Why breastfeeding can be easier the second time round

Give breastfeeding another shot even if your first effort was tough. We tell you why it’s easier the second time.

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When Pearlyn Ho first became a mother five years ago, she looked forward to breastfeeding her newborn. After all, she had heard so much about the health benefits of breastmilk and the bonding sessions she would share with baby.

Instead, it turned out to be a time of great frustration and agony. Ho, an administrative manager recalls, “I could not produce enough milk, my son was not latching properly and I got very little support from my confinement nanny who kept pushing me to supplement with formula milk.” After a month, she stopped breastfeeding.

Last year, when Ho was pregnant with her second child, she wondered if history would repeat itself. Luckily, her worries were unfounded. Ho managed to breastfeed successfully with help from lactation consultants. They taught her how to hold her baby, so that he could latch on properly. This time, not only was she producing more milk, the whole feeding process became a lot smoother and faster.

“Second-time mums now know what to expect and are able to implement the measures they had used previously to overcome the challenges they had faced with their first baby.”

Experts agree that when it comes to breastfeeding, “If, at first, you don’t succeed, try, try again” as nursing can really be easier the second time round. One reason is that having prior experience caring for a newborn, second-time mums are now less anxious.

Says Yasa Yong, a senior lactation consultant at Mount Elizabeth Novena Hospital, “They now know what to expect and are able to implement the measures they had used previously to overcome the nursing challenges they had faced with their first baby. Breastfeeding becomes more satisfying and they are able to enjoy the time with their newborn.”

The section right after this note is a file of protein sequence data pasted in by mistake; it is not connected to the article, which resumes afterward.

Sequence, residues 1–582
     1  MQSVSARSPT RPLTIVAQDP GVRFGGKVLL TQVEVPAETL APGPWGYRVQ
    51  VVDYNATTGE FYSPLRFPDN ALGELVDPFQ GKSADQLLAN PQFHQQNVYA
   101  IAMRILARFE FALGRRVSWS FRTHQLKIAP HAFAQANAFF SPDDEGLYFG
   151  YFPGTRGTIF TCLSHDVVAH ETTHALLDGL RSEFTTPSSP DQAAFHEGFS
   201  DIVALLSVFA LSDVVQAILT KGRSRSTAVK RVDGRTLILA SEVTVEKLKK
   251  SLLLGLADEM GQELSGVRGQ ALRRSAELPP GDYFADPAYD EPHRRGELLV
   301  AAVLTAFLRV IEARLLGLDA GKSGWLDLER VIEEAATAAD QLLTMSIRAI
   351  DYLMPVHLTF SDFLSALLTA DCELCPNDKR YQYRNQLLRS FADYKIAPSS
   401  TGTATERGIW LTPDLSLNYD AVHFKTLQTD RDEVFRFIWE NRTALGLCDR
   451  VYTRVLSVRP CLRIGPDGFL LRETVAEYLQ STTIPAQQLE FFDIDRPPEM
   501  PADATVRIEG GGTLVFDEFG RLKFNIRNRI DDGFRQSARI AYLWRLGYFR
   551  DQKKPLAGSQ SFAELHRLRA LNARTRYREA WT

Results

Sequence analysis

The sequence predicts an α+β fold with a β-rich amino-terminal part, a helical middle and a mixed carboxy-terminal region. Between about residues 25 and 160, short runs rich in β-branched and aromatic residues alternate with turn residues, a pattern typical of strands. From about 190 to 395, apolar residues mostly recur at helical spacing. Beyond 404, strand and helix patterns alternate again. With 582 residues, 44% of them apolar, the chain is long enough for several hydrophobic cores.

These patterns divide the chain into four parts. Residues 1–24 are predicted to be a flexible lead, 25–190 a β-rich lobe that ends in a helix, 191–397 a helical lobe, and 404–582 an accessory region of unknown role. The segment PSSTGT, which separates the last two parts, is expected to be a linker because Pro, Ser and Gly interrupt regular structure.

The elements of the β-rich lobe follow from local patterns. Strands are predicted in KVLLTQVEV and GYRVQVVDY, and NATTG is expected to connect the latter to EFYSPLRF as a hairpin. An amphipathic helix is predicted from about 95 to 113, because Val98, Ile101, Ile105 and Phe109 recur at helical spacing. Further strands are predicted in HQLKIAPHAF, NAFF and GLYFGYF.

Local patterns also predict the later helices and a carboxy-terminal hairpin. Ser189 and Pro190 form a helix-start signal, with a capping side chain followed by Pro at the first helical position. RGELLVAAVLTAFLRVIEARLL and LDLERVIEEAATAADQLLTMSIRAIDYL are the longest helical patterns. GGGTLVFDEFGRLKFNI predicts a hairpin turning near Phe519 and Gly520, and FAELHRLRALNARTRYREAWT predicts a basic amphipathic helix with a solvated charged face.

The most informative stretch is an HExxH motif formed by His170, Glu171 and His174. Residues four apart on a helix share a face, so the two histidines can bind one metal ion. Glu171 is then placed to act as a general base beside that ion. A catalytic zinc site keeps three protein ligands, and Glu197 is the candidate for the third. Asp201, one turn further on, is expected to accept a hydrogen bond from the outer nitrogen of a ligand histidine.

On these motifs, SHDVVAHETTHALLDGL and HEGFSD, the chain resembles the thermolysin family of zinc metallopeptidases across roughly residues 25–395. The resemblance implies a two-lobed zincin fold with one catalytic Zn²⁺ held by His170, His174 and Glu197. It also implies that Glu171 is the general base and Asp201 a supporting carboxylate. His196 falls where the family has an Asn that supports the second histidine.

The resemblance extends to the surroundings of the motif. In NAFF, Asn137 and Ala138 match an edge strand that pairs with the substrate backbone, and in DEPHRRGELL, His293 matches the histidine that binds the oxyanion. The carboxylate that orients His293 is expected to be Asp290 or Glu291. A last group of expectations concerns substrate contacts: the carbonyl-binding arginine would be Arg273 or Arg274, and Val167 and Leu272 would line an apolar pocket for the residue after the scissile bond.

Nature plays its part, too. The mother’s body seems more prepared the second time round by remembering how to make milk. Yong adds, “Some studies have shown that milk-producing mammary glands remain in a state of preparedness to make milk when it is needed again.”

 

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Dr Mythili Pandi, lead trainer with the Breastfeeding Mothers Support Group Singapore (BMSG), says that the second-time mum’s milk is likely to come in faster as she’s more confident and relaxed, “Also, her nipples will be less tender compared with when she first started. When baby is feeding on a ‘virgin breast’, so to speak, it might be uncomfortable for her if she doesn’t know how to cope with the challenges of intensive breastfeeding.”

When the second time might not be easier…

While breastfeeding in general tends to be easier subsequently, this is not always the case as other factors might come into play. Dr Mythili lists them. “The second baby could be premature, there could be birth difficulties, a prolonged labour, or the mother might have to undergo an emergency Caesarean. All these will impact her breastfeeding efforts from the start.”

Mothers should persevere to overcome the initial difficulties of breastfeeding as “it is a skill which requires a village of support. “

Mums who have faced stress and trauma during delivery or are unable to have direct skin contact with their preemie might find that their breastmilk production is taking a while to establish. But Dr Mythili believes that mothers should persevere to overcome the initial difficulties of breastfeeding as “it is a skill which requires a village of support. “

Yong adds that what mothers can do in such situations is to express their milk and feed their baby with the bottle. “This is commendable as baby is still getting breastmilk, albeit not directly from the breast. “

Seek help early

Whether it is for your first or subsequent baby, the experts say that it is always a good idea to seek help early if you feel you might have issues breastfeeding or to clarify any nagging doubts in advance. Here’s what to note:

* Consult a lactation expert, preferably from the third trimester. She should be able to assist you with queries either on the phone, via e-mail or during workshops and group sessions.

* Find out what support system is offered by your hospital’s lactation department. Besides helping you while you are still warded, check if the consultant does home visits after you have been discharged to get an update on your progress or offers one-one sessions to guide you on your breastfeeding efforts.

Photos: iStock

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